The new Housing and Economic Recovery Act of 2008 is supposed to stop foreclosures and help out the hard-hit housing market. I can’t for the life of me see how this is going to help.
First, let’s start with the positive. This won’t take long. There is a $7,500 tax credit for first time home owners. But, it’s not really a credit, it’s a loan because you have to pay it back. With today’s credit market like it is, I’m just not sure that $7,500 is going to make that big of a difference for someone looking for a home. Figure you’re going to have to come up with 20% and if you’re buying a home for $200,000, that’s $40,000. Is $7,500 going to make the decision for you?
And there is an “above the line” deduction now available for property tax. If you don’t itemize, you’ll still get to take the deduction. This must be targetted at helping people who have very low or no loans on their property. Otherwise, the mortgage interest amount will allow you to itemize.
Now, here’s the part that I have trouble with. There is a change to the principal residence exclusion. You might remember the old rule of “live in it for 2 of the previous 5 years” and you’ll get a capital gains exclusion of $250,000 if you’re single and $500,000 if you’re married filing jointly.
Now, it’s more complicated. If you buy a property and don’t immediately make it your principal residence, you won’t get the full advantage of the capital gains exclusion. For example, let’s say you buy a property as a vacation property. Then five years later, move into it for the next 15 years. You would only be able to exclude 75% (15 out of 20) of the gain. It doesn’t matter if the gain was only $50,000 and a fraction of the capital gains exclusion, that’s all you get.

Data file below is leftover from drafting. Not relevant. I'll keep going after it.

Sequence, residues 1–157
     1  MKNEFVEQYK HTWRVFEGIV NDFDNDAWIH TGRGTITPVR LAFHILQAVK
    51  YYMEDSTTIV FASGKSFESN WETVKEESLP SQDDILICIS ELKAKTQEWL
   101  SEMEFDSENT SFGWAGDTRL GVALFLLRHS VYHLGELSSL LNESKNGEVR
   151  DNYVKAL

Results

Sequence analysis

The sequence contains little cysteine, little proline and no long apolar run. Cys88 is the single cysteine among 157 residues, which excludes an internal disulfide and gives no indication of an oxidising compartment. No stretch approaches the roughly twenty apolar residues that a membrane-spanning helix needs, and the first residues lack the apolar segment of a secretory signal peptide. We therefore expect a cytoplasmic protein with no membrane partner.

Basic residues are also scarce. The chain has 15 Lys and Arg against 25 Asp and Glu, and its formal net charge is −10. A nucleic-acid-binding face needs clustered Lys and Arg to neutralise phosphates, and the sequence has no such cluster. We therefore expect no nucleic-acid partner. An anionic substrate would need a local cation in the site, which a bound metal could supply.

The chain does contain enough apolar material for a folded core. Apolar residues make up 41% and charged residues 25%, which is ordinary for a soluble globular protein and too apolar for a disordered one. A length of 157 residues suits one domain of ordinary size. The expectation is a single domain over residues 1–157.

If you make the property your principal residence first, then the 2 out of 5 seems to apply.
One additional problem I see for a lot of my clients is for people who are building their custom dream home. I’ve done that before myself. Richard & I lived in our old principal residence until the new house was completed. It took about a year. In that time, the new property was not our principal residence So, presumably, under this new law when we sold our dream house (guess it really wasn’t our dream after all) two years later, we’d have only been able to exclude 2/3 of the gain. That would have really hurt us tax-wise!
The IRS still has to write the regulations to go along with the new law and that’s where the details work out on most of this. Until then (and it can take 2 years or more), CPAs give it their “best guess” in determining the nuances and details of application.
All in all, though, I’m concerned for my clients who have dream houses under construction or who are picking up screaming deals in today’s market for their future personal use.